Rather than approaching partners with a pre-determined set of research questions or objectives, academic researchers should collaborate with partner organizations to design the project and develop a work plan; obtain research approvals from university research boards as well as local communities; and even provide financial support for the partner organization. To identify potential sources of conflict, academics and partners ought to clarify their timelines and constraints – driven by the rhythm of the academic year, the demands of donors or funding agencies, the imperatives of litigation processes, pending policy implementation and different ways of working.  

Third, research should draw on multi-disciplinary sources of knowledge and ideas.  

Central to the Minnesota Model is the “Human Rights Lab”, a collegial workshop in which each research team presents their project ideas to a diverse group of faculty and students with expertise in a variety of academic disciplines and research methodologies. This workshop provides space for multi-disciplinary input on the project’s design, methods, implementation, and outcomes.  

Fourth, researchers ought to spend time working closely in-person with their partner organizations to build strong personal relationships.  

Physical presence builds trust, though remote interactions may be the best we can do in this era. In post-COVID times, partners should come together in their respective worksites to interact in each other’s communities. Minnesota Model projects bring student researchers into these relationships as integral partners, pushing them to ask hard questions of themselves and the academy about relevance, empathy and knowledge.  

Fifth, researchers and partners alike, must be flexible, willing to adjust research priorities and implementation in response to changing circumstances.  

There will always be bumps in the road. Local, national, and international events may alter research priorities or demand a shift in activist strategies, requiring mid-project adjustments to design and implementation. Changing circumstances, such as escalating violence or emerging public health crises, may even require the cancellation of planned field work. In the COVID-19 era, collection of data has stopped cold in some places, and “action research” pilot projects and workshops have been postponed. Faculty also struggle to balance the demands of teaching, research, and administration all the more so with the care and working challenges presented by the pandemic.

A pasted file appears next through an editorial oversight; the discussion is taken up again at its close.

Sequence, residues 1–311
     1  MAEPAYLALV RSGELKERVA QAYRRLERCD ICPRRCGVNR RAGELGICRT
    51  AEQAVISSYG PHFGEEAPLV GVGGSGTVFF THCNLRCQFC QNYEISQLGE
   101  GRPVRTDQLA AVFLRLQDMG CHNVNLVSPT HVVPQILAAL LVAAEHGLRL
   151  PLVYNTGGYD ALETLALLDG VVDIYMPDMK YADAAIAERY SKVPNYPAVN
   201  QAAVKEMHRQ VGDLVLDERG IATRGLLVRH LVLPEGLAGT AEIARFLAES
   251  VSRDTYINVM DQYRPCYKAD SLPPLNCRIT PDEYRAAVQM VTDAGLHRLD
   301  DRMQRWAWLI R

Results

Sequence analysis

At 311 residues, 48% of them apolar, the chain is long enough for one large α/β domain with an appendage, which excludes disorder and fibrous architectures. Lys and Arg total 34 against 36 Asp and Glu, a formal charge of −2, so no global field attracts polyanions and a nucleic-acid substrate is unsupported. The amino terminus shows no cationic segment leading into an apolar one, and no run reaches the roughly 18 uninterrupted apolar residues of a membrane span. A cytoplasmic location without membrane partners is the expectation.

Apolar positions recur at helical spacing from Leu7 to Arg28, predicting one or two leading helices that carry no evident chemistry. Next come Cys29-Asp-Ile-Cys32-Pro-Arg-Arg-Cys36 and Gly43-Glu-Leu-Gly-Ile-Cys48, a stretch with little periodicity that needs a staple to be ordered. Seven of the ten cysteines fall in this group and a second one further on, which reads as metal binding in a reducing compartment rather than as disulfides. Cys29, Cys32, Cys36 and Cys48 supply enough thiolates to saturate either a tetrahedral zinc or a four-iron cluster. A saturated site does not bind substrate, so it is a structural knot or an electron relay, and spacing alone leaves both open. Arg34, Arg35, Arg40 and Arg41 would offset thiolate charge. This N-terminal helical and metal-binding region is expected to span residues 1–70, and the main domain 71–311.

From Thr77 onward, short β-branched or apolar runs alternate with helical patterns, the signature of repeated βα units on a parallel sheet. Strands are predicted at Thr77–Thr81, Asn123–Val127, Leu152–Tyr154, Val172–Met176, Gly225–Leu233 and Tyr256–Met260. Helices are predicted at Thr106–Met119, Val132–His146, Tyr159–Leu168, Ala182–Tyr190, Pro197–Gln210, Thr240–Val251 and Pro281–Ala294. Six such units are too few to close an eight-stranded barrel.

Sixth, researchers should share research findings widely, with academic and practitioner audiences.  

We promote policy results as well as academic publications. Examples of applied outcomes include submitting amicus briefs to domestic or international courts; organizing Congressional hearings; designing reparations models; drafting speeches, resolutions and reports for UN bodies; revising curricula; and providing training to government and security officials.   

We are living in troubling times for human rights. We believe it is not enough to use our privilege as researchers to answer questions that resonate only with other academics. We want to generate real-world knowledge with mutual partners. We also seek to demonstrate that it is possible to undertake transformative research without extraction from our communities and those whose experiences we base our work upon. We are determined to enhance scholarship while increasing the capacity of local actors to defend human rights in our neighborhoods and towns, in our country, and across the globe.


This article is part of a partnership with the University of Minnesota Human Rights Lab. The series explores the possibilities and barriers to building effective research and practice collaborations between academics and practitioners of human rights.